You are listening to a client describe very specific plans to attempt suicide by overdosing. She has 94 pills of a potentially lethal medication at home. She knows the number because she has counted, again and again, in a sort of ritual to prepare herself for the act.
A familiar unease settles in you. You ask her if what she is describing are merely thoughts, or plans. That is, does she really intend to actually attempt suicide very soon?
“Yes, yes,” she says quietly, sobbing. “I just don’t want to live anymore.”
You invite her to tell you more about her situation, her pain, her plans. She tells you she will take the pills tonight and that nothing will deter her. You probe for ambivalence, hope, desire to live. There is none. She says she is beyond hope or help. She is insistent on killing herself that evening in a motel room out of town, so that she will not be interrupted.
Eventually you tell her that you believe she needs to be in a hospital to ensure her safety.
“I would die before going to a hospital,” she says. She then tells you that if you do anything to make her go to a hospital, then if she does survive, she will quit therapy and hate you forever, because you will have shattered her trust.
The Role of Psychotherapists
A very difficult tension exists in the role of psychotherapists. On the one hand, we want to provide a safe space for people to reveal their deepest thoughts without judgment. Our goal is for clients to be understood, safe, and, above all, helped.
On the other hand, if a person’s statements indicate that he or she will act soon on suicidal or violent thoughts, then we may need to move beyond supportive, nonjudgmental listening. We may need to take action – whether the client wants us to or not.
Some clients will recognize that they need to be in a safe environment. These clients will go willingly, perhaps even gratefully, for an evaluation to see if they need inpatient hospitalization to protect them.
But when severely suicidal clients resist our efforts to keep them safe, we risk moving from ally to adversary. We now are in the position of using the information that they shared with us to thwart their plans to do violence to themselves or others.
Danger of Overreacting
It is extremely difficult to have someone involuntarily hospitalized, and appropriately so. Commitment to a psychiatric hospital is a drastic move. It takes away a person’s freedom, potentially harming the person’s livelihood, social relationships, and emotional state.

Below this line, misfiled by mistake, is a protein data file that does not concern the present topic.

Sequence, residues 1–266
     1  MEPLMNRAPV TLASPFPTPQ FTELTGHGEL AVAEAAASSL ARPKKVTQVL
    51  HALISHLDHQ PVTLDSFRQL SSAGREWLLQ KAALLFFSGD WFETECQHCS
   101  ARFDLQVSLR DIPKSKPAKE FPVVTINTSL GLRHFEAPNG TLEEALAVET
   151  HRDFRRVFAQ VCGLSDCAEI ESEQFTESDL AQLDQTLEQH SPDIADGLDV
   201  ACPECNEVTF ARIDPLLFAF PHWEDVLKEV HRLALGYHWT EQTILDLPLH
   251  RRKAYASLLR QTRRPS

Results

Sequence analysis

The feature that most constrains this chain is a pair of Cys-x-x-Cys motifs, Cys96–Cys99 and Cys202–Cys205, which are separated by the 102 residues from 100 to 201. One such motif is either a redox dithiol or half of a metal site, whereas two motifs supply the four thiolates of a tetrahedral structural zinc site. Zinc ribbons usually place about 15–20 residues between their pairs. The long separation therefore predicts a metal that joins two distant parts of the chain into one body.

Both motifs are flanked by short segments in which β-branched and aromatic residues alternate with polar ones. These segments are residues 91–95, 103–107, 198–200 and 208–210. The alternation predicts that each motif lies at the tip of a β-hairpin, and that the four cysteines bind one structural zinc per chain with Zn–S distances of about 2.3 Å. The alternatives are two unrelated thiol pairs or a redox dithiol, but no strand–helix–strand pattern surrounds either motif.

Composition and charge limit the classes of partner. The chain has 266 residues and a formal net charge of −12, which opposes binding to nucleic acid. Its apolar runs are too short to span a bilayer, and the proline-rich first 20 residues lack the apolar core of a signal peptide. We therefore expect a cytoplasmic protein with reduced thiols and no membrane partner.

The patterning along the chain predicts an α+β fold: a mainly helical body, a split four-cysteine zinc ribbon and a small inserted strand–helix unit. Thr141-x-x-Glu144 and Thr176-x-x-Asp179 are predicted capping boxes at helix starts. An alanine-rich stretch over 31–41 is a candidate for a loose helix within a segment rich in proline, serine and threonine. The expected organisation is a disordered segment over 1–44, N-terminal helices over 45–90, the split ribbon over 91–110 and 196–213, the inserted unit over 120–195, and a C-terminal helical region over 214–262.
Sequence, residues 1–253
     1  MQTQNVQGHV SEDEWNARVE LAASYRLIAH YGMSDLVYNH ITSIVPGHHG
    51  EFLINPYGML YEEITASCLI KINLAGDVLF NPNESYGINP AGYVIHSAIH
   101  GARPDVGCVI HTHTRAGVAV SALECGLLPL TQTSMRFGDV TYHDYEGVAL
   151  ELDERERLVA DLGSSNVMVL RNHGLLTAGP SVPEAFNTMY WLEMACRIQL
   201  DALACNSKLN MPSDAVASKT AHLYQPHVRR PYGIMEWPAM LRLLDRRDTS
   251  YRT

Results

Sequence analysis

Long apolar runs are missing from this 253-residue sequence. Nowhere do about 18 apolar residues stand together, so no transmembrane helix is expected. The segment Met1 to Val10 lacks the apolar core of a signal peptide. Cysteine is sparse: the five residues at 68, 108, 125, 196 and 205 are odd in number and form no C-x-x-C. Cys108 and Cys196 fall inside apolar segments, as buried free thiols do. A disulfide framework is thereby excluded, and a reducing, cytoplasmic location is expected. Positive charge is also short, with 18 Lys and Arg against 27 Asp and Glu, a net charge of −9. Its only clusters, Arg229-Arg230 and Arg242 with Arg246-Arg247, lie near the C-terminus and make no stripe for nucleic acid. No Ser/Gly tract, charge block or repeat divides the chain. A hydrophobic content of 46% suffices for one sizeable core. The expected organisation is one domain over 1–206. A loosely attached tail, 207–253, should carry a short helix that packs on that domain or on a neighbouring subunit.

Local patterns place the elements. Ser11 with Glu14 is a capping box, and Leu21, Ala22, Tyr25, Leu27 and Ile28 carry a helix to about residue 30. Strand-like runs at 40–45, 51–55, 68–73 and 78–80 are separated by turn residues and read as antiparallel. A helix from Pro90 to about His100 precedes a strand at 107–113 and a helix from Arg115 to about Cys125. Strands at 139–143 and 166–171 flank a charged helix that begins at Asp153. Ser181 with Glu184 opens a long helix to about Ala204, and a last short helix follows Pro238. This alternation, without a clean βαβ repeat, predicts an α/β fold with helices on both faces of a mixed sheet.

Commitment to a psychiatric hospital also can strain or even rupture the therapeutic relationship with a client. The client may become angry about needing to go to a hospital for an evaluation or admission. And the client may find it unsafe to ever confide again in you or, perhaps, any other mental health professional.
For these reasons, psychotherapists must avoid overreacting. Clients need to have a safe space in which they can talk about their suicidal thoughts without the therapist “freaking out” or moving to hospitalize when it is not actually justified.
Desire to die is not enough to constitute imminent risk of suicide, the criterion in many states for involuntary hospitalization. Persistent suicidal thoughts are not enough to constitute imminent risk. Even having a plan to die by suicide is not enough.
To justify involuntary commitment, the therapist must believe that a client will act very soon on the suicidal thoughts. (Psychosis or other features that make a person unable to control whether he or she acts on suicidal thoughts may also call for involuntary hospitalization.)
I have had clients describe to me in very specific detail how they would attempt suicide. And they expressed strong desires to die. But they did not strongly intend to act on their suicidal thoughts any time soon. For them, it was necessary over many sessions to be able to talk through their suicidal wishes, to not feel so alone, and to develop skills to stay safe and feel better. Premature or outright unnecessary hospitalization would have been devastating.
Even so, there are times when a therapist finds it necessary to seek involuntary hospitalization for a client. In the example I began with, the suicidal client had a clear plan to die by suicide that night, intent to carry out the plan, and the lethal means to do so. For the therapist to not take action would be irresponsible, even malpractice.
(I should note that some states allow for terminally ill people to die by suicide without interference if they use medication prescribed for that purpose. But that is material for a future post.)
Earlier I wrote that we move from ally to adversary in our efforts to keep a client safe against his or her wishes. The reality is that, in trying to keep an imminently dangerous client safe, we are the ally of the client’s healthy self, the part that wants to live.
When we believe that the client truly intends to act on suicidal thoughts very soon, the adversarial relationship exists only with the client’s unhealthy self, the part that wants to die.
When suicide is imminent, the client’s healthy self has become muted, cut off even from the client. The client may feel especially betrayed by our efforts to step in and keep them safe. That is okay. If someone truly has every intention to die by suicide within hours or days, our most important task is to help them stay safe.
If all goes well, sometime later, they may even agree.
UPDATED: May 29, 2014
© Copyright 2013 Stacey Freedenthal, PhD, LCSW, All rights Reserved. Written For: Speaking of Suicide
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